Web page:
The UK, US and the Netherlands have accused Russia of being responsible for a spate of global cyber attacks, with seven people being charged by the US.
The charges against the seven include conspiracy to commit computer fraud, conspiracy to commit wire fraud, aggravated identity theft and conspiracy to commit money laundering.
Four the seven were the men expelled from the Netherlands having after being caught attempting a cyber-attack on the headquarters of the international chemical weapons watchdog, which was disrupted by Dutch military intelligence.
The hack was thwarted with the aid of British intelligence officials and on Thursday the UK government accused the Kremlin of violating international laws with "indiscriminate and reckless cyber attacks".
The NCSC said it has assessed with high confidence that the GRU has almost certainly been conducting attacks under various aliases, such as Fancy Bear, Sednit and APT 28.
The NCSC has blamed the GRU for attacks such as the 2017 WADA email leak, which saw the identities of 28 football players who had received a Therapeutic Use Exemptions (TUEs) released online.
The Kremlin has also been accused of the 2017 'Bad Rabbit' ransomware that encrypted hard drives and rendered IT inoperable, resulting in mass disruption to services including the Kyiv metro, Odessa airport, Russia's central bank and two Russian media outlets.
The NCSC also said, with high confidence, that the Kremlin was also responsible for hacking the Democratic National Committee (DNC) in 2016, which also affected the US presidential election of the same year.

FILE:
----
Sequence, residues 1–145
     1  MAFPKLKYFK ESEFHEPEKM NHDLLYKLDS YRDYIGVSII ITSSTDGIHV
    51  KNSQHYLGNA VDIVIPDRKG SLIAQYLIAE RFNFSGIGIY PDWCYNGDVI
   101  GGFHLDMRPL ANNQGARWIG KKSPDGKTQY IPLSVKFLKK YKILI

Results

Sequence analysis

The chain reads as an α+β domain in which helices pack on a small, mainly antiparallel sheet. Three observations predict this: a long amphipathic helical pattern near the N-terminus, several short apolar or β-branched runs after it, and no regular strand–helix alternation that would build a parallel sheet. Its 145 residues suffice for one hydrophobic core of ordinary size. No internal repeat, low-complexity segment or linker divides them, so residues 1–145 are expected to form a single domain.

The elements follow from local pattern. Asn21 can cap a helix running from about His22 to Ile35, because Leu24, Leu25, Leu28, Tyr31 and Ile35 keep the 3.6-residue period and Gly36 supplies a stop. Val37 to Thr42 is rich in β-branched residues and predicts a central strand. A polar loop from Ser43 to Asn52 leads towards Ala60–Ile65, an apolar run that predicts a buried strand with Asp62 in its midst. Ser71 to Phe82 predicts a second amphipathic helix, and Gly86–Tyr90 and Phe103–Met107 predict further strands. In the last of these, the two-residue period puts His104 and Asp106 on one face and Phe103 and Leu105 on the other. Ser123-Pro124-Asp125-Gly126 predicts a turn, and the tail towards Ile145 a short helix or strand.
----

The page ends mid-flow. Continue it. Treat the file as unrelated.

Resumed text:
Now, Seven Russian government operatives have been charged by the FBI with hacking into the computer networks. According to the indictment, starting in 2014, the defendants, who worked in for the GRU, engaged in "persistent and sophisticated criminal cyber intrusions".
The seven men appear on a wanted poster released by the FBI
In the past week, the Fancy Bear group has been implicated as being responsible for a series of attacks on government entities using the 'LoJax' malware, a new strain that exploits the Unified Extensible Firmware Interface (UEFI) on modern computers and is almost impossible to remove.
SonicWall CEO Bill Conner, has previously advised both the UK and US governments on cybersecurity, has called for global cooperation to fight the growing threat of international cyber attacks.
"Whether it's elections, tariffs or natural disasters, countries currently tend to operate independently. However, the cyber landscape, with its non-existent borders and limitless boundaries, is forcing us to work together in new ways.
"The announcement by the UK government highlights a growing need for public and private sectors around the world to work together to detect, defend and dissipate the rising volume and ferocity of cyber attacks."
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Bobby Hellard is ITPro's Reviews Editor and has worked on CloudPro and ChannelPro since 2018. In his time at ITPro, Bobby has covered stories for all the major technology companies, such as Apple, Microsoft, Amazon and Facebook, and regularly attends industry-leading events such as AWS Re:Invent and Google Cloud Next.
Bobby mainly covers hardware reviews, but you will also recognise him as the face of many of our video reviews of laptops and smartphones.